With so many roles and responsibilities, Moore is quick to acknowledge that the people are the best part of her work.
“I have extraordinary colleagues here in the institute and I get to work very closely with them within the formation area and across the institute. Not only do I get the benefit of working with amazing colleagues here at Notre Dame, but I also get to work closely with wonderful leaders who work for the Church across the country and in Ireland.”
The art of service
It’s not all work and no play for Moore, who likes to get her hands dirty — literally — when it comes to creativity and the arts, for which she has a deep love.
“We find that art is a very integrative experience that has the ability to draw our intellectual, physical, spiritual, emotional and relational selves together in powerful ways,” she said. “The Church often has experienced the pain of disintegrated leadership, and we feel a great responsibility to help our students develop a healthy and harmonious relationship between their interior lives and their professional lives.”
One art medium that helps students open themselves to formation for ministry is clay.
Students work in the Riley Hall of Art Ceramic Studio with Moore and Cecilia Cunningham, a professional ceramicist. They draw on the pas-sage from Jeremiah 18:5-6 (clay in the potter’s hands), an analogy that invites students to consider God as the artist of their own lives.
Moore poses this question to students: “And how is it that we are being called to offer ourselves, our lives, not just our minds but our whole selves, to be formed and reformed and made more malleable and receptive to the promptings of God’s spirit in our lives and ministry?
“We might understand this call intellectually, but working with a mound of clay in our hands helps us to feel and experience in a tactile way what it means to be moved and shaped and reshaped, built up and folded back over to be made new again. Cecilia reminds us that no clay is wasted because if it breaks, you can take that and put it right back into the mix to be ground up and made available again. The clay reflects the mercy and grace of God that works within our lives. Those are essential realities for students to understand as they begin a leadership formation program, especially in service to the Church.”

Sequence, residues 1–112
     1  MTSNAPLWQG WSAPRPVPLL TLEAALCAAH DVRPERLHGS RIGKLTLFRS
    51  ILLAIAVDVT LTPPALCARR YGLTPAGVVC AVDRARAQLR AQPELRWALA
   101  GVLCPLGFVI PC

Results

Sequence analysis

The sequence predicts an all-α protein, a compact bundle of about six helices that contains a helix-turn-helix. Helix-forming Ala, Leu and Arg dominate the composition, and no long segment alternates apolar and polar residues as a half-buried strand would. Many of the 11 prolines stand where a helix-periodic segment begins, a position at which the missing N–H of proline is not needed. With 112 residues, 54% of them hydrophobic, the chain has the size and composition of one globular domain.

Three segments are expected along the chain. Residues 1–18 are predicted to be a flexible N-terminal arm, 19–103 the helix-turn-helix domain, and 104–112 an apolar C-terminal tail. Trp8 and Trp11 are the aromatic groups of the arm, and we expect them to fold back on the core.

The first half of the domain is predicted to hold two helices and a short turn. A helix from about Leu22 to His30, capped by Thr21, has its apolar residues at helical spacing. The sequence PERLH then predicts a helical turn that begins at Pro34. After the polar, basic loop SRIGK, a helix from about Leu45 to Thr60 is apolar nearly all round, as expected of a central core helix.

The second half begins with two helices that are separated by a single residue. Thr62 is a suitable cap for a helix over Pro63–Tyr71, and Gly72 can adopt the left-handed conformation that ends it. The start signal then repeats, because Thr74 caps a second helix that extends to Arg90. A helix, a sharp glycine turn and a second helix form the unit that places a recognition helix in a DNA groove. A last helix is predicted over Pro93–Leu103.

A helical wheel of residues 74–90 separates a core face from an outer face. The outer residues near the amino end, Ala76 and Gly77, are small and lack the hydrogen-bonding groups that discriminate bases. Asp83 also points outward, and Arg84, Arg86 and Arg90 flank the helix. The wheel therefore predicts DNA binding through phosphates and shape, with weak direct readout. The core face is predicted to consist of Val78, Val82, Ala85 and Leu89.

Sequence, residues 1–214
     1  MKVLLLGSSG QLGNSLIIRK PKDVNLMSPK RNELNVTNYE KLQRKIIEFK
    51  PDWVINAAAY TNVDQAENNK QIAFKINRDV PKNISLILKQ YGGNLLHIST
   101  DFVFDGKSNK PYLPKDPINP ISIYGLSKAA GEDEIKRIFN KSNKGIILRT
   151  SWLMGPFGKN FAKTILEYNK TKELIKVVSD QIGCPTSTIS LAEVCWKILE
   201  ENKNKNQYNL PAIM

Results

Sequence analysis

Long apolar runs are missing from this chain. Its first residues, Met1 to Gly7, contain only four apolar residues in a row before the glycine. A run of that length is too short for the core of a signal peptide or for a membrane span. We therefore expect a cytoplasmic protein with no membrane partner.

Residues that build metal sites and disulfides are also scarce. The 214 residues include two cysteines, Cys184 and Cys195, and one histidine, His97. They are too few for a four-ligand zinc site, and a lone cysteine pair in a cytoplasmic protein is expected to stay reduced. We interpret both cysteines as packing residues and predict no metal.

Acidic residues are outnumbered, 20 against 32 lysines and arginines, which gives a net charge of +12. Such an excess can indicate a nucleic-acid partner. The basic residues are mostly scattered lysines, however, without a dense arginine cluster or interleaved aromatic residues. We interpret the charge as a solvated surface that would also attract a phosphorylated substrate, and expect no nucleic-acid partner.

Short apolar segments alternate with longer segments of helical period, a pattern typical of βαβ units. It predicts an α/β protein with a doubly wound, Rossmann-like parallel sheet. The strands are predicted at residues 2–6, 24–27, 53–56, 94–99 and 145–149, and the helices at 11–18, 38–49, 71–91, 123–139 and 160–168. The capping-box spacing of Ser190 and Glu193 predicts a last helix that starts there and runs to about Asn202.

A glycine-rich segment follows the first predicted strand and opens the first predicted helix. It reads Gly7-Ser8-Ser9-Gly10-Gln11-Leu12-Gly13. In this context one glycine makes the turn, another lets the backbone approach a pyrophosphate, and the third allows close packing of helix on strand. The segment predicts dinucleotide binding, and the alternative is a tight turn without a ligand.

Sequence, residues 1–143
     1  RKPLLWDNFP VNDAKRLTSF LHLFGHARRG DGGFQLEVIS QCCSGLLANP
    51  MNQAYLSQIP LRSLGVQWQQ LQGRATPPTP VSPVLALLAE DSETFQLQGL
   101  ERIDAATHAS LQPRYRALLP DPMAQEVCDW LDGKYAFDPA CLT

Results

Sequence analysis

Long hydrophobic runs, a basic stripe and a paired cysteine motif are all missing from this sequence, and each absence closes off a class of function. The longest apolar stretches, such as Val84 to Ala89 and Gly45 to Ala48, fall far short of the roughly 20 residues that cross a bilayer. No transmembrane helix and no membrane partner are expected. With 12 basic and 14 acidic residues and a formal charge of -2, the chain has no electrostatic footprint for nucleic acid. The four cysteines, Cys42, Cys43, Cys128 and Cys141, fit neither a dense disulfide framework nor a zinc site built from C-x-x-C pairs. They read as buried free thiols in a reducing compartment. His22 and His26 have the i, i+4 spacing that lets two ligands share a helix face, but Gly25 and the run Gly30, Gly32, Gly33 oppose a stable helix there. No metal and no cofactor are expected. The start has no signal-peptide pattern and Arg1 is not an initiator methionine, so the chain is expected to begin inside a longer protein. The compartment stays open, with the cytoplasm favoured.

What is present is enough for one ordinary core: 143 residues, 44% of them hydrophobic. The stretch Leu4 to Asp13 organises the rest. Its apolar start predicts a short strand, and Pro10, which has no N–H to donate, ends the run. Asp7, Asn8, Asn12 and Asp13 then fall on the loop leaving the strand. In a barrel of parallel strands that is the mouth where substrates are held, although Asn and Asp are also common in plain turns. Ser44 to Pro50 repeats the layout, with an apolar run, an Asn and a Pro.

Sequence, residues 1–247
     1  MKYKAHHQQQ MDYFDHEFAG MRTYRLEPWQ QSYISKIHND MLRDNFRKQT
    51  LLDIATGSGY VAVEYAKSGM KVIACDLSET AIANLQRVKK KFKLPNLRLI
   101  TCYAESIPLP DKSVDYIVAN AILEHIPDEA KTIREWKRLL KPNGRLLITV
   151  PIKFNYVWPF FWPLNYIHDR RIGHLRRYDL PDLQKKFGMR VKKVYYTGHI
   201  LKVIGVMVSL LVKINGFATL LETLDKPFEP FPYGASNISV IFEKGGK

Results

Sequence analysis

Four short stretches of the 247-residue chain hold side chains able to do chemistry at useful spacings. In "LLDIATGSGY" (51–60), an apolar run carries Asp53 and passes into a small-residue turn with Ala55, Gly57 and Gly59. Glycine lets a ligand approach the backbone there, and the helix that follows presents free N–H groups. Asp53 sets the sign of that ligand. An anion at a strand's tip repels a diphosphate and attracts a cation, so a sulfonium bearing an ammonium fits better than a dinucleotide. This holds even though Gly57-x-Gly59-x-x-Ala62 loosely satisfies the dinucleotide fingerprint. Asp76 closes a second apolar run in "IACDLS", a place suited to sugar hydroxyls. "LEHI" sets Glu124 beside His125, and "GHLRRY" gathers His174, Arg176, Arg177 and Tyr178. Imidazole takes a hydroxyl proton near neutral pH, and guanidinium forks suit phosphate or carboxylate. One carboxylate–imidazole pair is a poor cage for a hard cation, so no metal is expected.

Preparing others for service
The institute’s programs prepare Catholic leaders for faithful service. The Catechist Academy connects Notre Dame students with parishes within the Diocese of Fort Wayne-South Bend. Notre Dame Vision is a summer conference program for high school youth from around the country. Notre Dame undergraduate students serve as mentors in faith to the young Vision participants. There are many other programs in liturgy, online theological education, communications ecology, faith and men-tal health, science and religion, life and human dignity that the institute has created.
“We consider our institute to be one of many arms of Notre Dame that reaches beyond itself. There are plenty of arms like that across the campus. But we are one in particular whose focus is on put-ting the many riches here — intellectual riches, the riches of our students, riches of ministry formation, the Congregation of Holy Cross, our history — in service to the Church. We want to share all of those riches and not just keep them to ourselves.
“So we ask, how do we put these particular treasures, these resources, these leaders in service to these particular needs and realities in the Church around the country and the world? That means forming faithful Catholic leaders capable of responding to real needs.”